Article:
It used to be that I would say that the most powerful moment of any summer was the Keylog ceremony during the final Council Fire of the summer. Who could possibly argue that the power of heartfelt and tear laden words, shared by a camper on his last night as a camper, are not the emotional high point of any summer? Indeed, that night surely is the most trying on my emotional self-control. Their emotions affect me deeply. The realization that the summer is coming to a close, and the fun, the laughter, the singing, and the intensity of connection are about to be shelved for the winter deeply affects me. And the realization that that particular group, the camp family of that particular summer, would likely never again be assembled on this planet, deeply affects me.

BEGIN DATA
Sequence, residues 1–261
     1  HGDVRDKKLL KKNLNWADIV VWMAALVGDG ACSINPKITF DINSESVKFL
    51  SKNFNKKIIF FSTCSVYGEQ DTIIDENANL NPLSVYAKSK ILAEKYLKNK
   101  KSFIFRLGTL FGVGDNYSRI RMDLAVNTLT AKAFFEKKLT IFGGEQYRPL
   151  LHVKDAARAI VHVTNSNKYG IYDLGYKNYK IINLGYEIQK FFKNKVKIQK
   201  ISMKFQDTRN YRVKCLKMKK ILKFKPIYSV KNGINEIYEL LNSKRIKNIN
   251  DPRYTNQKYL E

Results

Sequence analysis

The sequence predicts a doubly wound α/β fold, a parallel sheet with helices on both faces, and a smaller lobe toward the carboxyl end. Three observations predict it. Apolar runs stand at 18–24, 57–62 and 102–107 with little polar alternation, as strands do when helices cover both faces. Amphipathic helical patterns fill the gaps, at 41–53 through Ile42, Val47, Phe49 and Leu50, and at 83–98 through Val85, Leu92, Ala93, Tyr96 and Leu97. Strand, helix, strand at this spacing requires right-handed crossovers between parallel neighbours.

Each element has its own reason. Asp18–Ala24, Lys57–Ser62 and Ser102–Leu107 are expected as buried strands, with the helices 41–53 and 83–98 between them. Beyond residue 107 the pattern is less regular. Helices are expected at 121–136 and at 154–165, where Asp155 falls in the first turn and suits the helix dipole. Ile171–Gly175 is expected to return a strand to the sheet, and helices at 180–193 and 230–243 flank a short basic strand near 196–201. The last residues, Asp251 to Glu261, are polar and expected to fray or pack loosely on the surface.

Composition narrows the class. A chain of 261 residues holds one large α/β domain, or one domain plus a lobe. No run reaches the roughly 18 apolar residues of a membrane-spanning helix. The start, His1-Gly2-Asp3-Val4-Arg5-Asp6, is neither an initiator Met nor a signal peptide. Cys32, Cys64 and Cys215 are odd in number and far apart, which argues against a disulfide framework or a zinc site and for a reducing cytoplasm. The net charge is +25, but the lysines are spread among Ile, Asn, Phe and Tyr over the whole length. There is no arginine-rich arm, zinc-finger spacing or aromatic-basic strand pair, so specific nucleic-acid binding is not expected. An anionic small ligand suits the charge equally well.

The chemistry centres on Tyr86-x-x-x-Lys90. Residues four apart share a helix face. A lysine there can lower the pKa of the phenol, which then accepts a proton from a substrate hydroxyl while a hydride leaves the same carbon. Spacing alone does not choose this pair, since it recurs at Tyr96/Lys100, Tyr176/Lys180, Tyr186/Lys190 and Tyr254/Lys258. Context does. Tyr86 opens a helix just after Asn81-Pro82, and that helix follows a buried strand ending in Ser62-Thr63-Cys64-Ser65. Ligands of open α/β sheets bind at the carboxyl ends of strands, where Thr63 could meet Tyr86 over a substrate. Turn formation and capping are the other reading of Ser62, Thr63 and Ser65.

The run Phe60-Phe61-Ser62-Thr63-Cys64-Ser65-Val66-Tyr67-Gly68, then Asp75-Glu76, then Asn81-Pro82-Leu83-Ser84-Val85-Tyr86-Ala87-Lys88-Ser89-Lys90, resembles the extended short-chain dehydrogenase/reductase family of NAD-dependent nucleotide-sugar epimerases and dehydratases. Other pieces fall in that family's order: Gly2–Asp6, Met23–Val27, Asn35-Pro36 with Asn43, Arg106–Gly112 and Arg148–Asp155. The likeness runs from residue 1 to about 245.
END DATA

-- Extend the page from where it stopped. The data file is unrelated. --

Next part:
Still, I have to say, over the course of the past few years, I have found the power of a different annual moment at camp to be even more poignant to me. That moment occurred yesterday afternoon…..and totally delivered. It is the moment when the 9th graders return from their two week trips to Canada. The arrival has been choreographed in such a way as to have all of the 9th graders arrive at camp in a caravan of 15 passenger vans at precisely the same time. Not ones to ever let a potential moment of emotional significance go underplayed, we have the lead car call in to camp about ten minutes before they turn into the Range gate. We then ring a special bell in camp so that everyone knows that the trips are about to arrive. It doesn’t matter who, or what they are doing at that moment…sailors, photographers, kitchen staff, office workers, everyone drops what they are doing and sprints down to the waterfront to watch it happen. (Ok, well not our climbing wall instructors. Having them drop what they are doing immediately would have complications!!!) The four vans pull up along our lakefront, and then the doors fly open. In an instant, 35 smelly, dirty, and exultant young men, and their trip counselors, come flying out of the vans and make a mad dash into the waters of Lake Nebagamon. With the entire camp assembled and cheering wildly, they all pound into the water screaming at the top of their lungs. The next five minutes are spent hugging one another, chanting together, singing together, and congratulating each other. In so many ways, this final entry into Lake Nebagamon for these boys signifies the culmination of their camper experiences as a whole. Their camper careers started out, for so many of them, seven years ago as frightened Swampers, jumping into the cold waters of an alien lake to take their first swim tests, terrified about what lurked below. I believe, in that moment, the Swampers feel like they are alone. Seven years later, their camper careers end with the very same boys, once again jumping into that same lake. But this time, that alien lake is nothing of the kind. It is home. Its water feels as warm and comfortable as the most welcoming bath. And not a single one of them feels alone. They are surrounded by, exhorted by, and embraced by their brothers.